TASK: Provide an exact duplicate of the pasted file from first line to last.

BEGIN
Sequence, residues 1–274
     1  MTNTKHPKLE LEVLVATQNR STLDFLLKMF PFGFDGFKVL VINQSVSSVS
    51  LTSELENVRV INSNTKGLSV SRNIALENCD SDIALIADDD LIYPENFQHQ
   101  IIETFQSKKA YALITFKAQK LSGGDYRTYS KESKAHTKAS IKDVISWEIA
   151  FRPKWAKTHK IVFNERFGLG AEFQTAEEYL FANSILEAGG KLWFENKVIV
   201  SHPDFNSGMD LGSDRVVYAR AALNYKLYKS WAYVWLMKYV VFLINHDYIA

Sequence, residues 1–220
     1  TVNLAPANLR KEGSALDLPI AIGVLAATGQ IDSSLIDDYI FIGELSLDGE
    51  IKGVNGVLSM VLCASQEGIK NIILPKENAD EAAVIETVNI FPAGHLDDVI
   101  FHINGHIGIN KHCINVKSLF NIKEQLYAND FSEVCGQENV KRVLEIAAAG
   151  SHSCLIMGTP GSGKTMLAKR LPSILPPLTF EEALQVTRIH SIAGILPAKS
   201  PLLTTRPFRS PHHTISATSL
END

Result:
Sequence, residues 1–274
     1  MTNTKHPKLE LEVLVATQNR STLDFLLKMF PFGFDGFKVL VINQSVSSVS
    51  LTSELENVRV INSNTKGLSV SRNIALENCD SDIALIADDD LIYPENFQHQ
   101  IIETFQSKKA YALITFKAQK LSGGDYRTYS KESKAHTKAS IKDVISWEIA
   151  FRPKWAKTHK IVFNERFGLG AEFQTAEEYL FANSILEAGG KLWFENKVIV
   201  SHPDFNSGMD LGSDRVVYAR AALNYKLYKS WAYVWLMKYV VFLINHDYIA

Sequence, residues 1–220
     1  TVNLAPANLR KEGSALDLPI AIGVLAATGQ IDSSLIDDYI FIGELSLDGE
    51  IKGVNGVLSM VLCASQEGIK NIILPKENAD EAAVIETVNI FPAGHLDDVI
   101  FHINGHIGIN KHCINVKSLF NIKEQLYAND FSEVCGQENV KRVLEIAAAG
   151  SHSCLIMGTP GSGKTMLAKR LPSILPPLTF EEALQVTRIH SIAGILPAKS
   201  PLLTTRPFRS PHHTISATSL